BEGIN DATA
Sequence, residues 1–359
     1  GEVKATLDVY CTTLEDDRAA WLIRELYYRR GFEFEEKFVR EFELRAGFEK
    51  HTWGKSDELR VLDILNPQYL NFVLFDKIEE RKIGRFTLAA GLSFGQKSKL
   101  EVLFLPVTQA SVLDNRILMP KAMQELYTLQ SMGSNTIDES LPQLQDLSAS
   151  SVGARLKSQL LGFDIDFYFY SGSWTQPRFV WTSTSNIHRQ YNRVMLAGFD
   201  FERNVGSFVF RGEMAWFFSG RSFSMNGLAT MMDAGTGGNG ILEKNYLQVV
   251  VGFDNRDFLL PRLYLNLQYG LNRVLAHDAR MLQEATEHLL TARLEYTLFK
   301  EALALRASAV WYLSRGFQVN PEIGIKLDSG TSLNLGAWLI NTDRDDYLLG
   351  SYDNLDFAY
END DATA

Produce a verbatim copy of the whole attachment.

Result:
Sequence, residues 1–359
     1  GEVKATLDVY CTTLEDDRAA WLIRELYYRR GFEFEEKFVR EFELRAGFEK
    51  HTWGKSDELR VLDILNPQYL NFVLFDKIEE RKIGRFTLAA GLSFGQKSKL
   101  EVLFLPVTQA SVLDNRILMP KAMQELYTLQ SMGSNTIDES LPQLQDLSAS
   151  SVGARLKSQL LGFDIDFYFY SGSWTQPRFV WTSTSNIHRQ YNRVMLAGFD
   201  FERNVGSFVF RGEMAWFFSG RSFSMNGLAT MMDAGTGGNG ILEKNYLQVV
   251  VGFDNRDFLL PRLYLNLQYG LNRVLAHDAR MLQEATEHLL TARLEYTLFK
   301  EALALRASAV WYLSRGFQVN PEIGIKLDSG TSLNLGAWLI NTDRDDYLLG
   351  SYDNLDFAY